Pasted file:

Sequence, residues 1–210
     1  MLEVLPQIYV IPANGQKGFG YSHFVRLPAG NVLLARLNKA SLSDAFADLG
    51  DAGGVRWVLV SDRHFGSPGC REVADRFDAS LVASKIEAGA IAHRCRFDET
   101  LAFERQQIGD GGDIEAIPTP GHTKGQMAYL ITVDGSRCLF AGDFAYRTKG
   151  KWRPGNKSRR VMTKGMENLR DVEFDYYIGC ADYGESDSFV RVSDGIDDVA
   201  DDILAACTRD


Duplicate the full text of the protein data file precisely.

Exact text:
Sequence, residues 1–210
     1  MLEVLPQIYV IPANGQKGFG YSHFVRLPAG NVLLARLNKA SLSDAFADLG
    51  DAGGVRWVLV SDRHFGSPGC REVADRFDAS LVASKIEAGA IAHRCRFDET
   101  LAFERQQIGD GGDIEAIPTP GHTKGQMAYL ITVDGSRCLF AGDFAYRTKG
   151  KWRPGNKSRR VMTKGMENLR DVEFDYYIGC ADYGESDSFV RVSDGIDDVA
   201  DDILAACTRD